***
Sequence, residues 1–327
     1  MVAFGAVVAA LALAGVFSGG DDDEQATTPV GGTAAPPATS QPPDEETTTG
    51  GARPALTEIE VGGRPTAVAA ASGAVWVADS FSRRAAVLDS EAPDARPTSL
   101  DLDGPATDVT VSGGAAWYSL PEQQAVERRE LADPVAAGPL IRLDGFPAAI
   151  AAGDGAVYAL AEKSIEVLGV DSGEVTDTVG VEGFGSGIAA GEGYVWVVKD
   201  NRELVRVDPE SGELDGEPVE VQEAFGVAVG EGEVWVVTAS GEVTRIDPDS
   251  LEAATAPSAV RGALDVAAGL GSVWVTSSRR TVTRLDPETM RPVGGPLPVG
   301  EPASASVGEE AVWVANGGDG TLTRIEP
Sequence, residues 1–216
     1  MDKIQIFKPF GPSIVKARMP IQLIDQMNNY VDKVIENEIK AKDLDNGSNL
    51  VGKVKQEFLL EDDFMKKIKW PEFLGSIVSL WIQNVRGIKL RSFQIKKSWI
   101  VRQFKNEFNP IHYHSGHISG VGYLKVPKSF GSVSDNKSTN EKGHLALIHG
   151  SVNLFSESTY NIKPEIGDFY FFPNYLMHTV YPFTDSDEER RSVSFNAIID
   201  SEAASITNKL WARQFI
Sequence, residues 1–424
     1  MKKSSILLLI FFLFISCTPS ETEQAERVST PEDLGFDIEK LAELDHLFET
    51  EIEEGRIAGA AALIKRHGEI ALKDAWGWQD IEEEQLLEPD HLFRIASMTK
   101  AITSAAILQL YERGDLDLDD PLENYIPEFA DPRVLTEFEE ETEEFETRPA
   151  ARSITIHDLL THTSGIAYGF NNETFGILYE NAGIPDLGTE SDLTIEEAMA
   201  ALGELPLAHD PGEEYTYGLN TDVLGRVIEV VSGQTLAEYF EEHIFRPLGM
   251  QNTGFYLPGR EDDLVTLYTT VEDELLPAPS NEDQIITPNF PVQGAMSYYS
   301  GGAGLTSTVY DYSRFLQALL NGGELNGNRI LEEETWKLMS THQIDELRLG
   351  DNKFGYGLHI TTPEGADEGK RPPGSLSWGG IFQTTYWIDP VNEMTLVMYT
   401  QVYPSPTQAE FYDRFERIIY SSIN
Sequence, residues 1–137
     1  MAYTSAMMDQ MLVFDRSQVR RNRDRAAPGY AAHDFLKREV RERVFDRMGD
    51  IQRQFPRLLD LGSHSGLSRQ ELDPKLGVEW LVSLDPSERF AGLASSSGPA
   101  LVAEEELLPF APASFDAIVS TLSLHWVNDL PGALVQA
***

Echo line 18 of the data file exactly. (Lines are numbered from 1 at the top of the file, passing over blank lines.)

   101  AITSAAILQL YERGDLDLDD PLENYIPEFA DPRVLTEFEE ETEEFETRPA